Tech Deep Dive - IPv6 at Home

Tech Deep Dive - IPv6 at Home
Photo by Athul Cyriac Ajay / Unsplash

For those interested in the technical steps/details of how I got IPv6 running at home, this is the post for you.

  1. Create a RIPE profile and associated entries

You'll need to create a RIPE profile on RIPE Access; after creating and verifying your profile you should create person, organization, and maintainer entries in the RIPE Database.

2. Order your ASN and IPv6 from Securebit (and possibly VPS)

This is fairly self-explanatory, but you will need to fill in some information from step one in your order; you'll receive additional information via email on the form you must complete and any changes that you may need to make to your RIPE DB entries. If you're not based/located within the RIPE service region this is also the time that you should order a VPS so that the invoice can be included by Securebit when they send your documentation to RIPE.

3. Setup RPKI and route6 object(s)

RPKI records are configured via the Securebit control panel:

route6 objects are created in the RIPE DB and have a similar ASN/Prefix Setup:

4. Setup BGP on your Vultr account

Create an account at Vultr if you haven't already; once done you can add BGP to your account using Products -> Network -> BGP. You'll need your assigned ASN, IPv6 block and a Letter of Authorization (you can find this in the Securebit control panel). After submitting the form, you'll also need to verify your ASN and IPv6 block via email by clicking the verify buttons in the Vultr control panel.

5. Create Vultr server and configure BGP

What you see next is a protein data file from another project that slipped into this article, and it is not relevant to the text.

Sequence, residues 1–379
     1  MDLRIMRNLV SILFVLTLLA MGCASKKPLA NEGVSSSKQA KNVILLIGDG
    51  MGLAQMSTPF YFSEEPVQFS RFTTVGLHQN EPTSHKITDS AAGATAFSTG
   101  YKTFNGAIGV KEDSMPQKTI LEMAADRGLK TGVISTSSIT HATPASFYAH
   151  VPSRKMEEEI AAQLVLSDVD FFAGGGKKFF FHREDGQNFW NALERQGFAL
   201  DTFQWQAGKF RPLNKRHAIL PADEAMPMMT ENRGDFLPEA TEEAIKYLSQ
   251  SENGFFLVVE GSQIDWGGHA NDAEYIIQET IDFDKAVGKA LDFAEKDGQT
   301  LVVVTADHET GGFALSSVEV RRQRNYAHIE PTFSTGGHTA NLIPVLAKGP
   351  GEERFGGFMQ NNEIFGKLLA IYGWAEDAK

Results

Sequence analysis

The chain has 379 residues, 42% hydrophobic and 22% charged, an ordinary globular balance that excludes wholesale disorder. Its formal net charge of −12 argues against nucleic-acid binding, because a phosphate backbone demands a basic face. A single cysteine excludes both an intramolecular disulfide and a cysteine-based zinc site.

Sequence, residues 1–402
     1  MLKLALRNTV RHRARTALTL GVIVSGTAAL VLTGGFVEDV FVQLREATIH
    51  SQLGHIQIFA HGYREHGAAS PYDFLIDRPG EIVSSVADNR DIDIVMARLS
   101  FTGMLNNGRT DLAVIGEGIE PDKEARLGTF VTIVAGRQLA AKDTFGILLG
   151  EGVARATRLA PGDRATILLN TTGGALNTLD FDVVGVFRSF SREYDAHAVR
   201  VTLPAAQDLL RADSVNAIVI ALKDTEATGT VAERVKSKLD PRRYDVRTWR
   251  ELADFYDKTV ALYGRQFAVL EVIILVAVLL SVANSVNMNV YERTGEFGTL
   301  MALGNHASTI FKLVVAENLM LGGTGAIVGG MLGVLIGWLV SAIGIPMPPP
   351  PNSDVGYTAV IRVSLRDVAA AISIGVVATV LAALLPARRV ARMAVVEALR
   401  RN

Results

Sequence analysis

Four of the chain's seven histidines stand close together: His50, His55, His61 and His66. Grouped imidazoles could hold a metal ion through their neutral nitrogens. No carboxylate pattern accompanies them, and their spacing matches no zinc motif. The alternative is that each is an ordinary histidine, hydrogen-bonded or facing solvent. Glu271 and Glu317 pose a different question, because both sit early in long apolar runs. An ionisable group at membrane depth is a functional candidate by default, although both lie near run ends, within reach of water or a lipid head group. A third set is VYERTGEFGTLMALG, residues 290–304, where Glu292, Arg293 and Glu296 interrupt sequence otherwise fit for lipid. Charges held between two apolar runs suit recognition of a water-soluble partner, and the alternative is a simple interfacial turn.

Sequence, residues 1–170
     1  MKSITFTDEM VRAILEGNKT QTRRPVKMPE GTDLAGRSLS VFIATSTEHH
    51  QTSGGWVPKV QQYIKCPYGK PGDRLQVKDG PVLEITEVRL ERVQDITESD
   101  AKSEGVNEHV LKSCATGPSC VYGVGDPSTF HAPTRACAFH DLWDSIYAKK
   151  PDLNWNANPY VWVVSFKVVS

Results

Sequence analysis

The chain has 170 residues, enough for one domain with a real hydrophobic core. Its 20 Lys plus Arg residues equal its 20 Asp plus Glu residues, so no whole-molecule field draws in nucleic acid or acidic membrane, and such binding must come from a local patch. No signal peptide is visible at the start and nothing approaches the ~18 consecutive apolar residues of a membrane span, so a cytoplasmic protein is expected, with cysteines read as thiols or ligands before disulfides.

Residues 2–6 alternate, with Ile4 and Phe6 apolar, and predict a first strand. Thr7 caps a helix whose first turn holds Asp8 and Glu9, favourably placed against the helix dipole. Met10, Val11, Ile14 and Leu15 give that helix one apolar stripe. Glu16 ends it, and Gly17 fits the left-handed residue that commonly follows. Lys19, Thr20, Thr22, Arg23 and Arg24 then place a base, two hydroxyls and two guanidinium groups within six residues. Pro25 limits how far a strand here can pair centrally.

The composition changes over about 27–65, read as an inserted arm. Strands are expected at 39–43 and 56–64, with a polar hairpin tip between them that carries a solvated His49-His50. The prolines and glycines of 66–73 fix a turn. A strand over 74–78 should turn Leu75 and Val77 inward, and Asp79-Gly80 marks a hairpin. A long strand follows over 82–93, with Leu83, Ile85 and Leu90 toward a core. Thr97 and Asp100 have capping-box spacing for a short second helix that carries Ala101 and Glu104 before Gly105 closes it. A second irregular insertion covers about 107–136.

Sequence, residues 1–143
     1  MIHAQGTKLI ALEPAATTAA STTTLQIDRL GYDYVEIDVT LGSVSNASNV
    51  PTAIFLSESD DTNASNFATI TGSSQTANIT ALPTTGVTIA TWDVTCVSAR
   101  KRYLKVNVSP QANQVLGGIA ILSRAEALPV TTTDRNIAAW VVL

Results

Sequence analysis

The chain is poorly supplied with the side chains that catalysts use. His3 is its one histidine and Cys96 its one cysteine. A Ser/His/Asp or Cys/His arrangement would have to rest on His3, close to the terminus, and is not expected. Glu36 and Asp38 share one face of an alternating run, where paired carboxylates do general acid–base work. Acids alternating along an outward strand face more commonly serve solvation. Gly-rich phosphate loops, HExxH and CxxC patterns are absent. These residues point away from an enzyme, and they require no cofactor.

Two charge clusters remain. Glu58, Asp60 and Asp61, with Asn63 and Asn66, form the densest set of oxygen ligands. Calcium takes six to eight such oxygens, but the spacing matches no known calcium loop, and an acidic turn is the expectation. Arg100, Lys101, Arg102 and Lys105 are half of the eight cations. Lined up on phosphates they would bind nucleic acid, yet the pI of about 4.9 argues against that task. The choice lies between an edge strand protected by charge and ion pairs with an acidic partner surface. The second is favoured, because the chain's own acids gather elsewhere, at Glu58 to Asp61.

After Vultr has set up BGP on your account, you should create a server to function as your router in the Vultr DC; you should pick a DC that is close to you so that your traffic incurs the least amount of additional routing as possible. I recommend creating a Debian 11 (Buster) server and all of the commands/configurations below will be for configuring a Debian 11 server.

First, you'll need to install the bird BGP daemon with sudo apt install bird .  After bird is installed you can disable the unneeded IPv4 daemon with sudo systemctl stop bird && sudo systemctl disable bird. You'll then need to configure the bird6 daemon in /etc/bird/bird6.conf with the config snippets provided by Vultr on the server page; my bird6.conf file looks like this:

# Change this into your BIRD router ID. It's a world-wide unique identification
# of your router, usually one of router's IPv6 addresses.
router id;

# The Kernel protocol is not a real routing protocol. Instead of communicating
# with other routers in the network, it performs synchronization of BIRD's
# routing tables with the OS kernel.
protocol kernel {
        scan time 60;
        import none;
#       export all;   # Actually insert routes into the kernel routing table

# The Device protocol is not a real routing protocol. It doesn't generate any
# routes and it only serves as a module for getting information about network
# interfaces from the kernel. 
protocol device {